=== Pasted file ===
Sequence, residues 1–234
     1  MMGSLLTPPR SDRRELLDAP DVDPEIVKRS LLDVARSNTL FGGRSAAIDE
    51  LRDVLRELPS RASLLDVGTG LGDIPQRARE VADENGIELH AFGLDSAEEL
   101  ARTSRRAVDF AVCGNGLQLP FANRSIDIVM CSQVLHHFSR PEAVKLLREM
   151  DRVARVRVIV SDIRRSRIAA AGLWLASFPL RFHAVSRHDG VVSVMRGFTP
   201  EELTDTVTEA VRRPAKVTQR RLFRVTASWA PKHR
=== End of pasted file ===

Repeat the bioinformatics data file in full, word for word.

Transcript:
Sequence, residues 1–234
     1  MMGSLLTPPR SDRRELLDAP DVDPEIVKRS LLDVARSNTL FGGRSAAIDE
    51  LRDVLRELPS RASLLDVGTG LGDIPQRARE VADENGIELH AFGLDSAEEL
   101  ARTSRRAVDF AVCGNGLQLP FANRSIDIVM CSQVLHHFSR PEAVKLLREM
   151  DRVARVRVIV SDIRRSRIAA AGLWLASFPL RFHAVSRHDG VVSVMRGFTP
   201  EELTDTVTEA VRRPAKVTQR RLFRVTASWA PKHR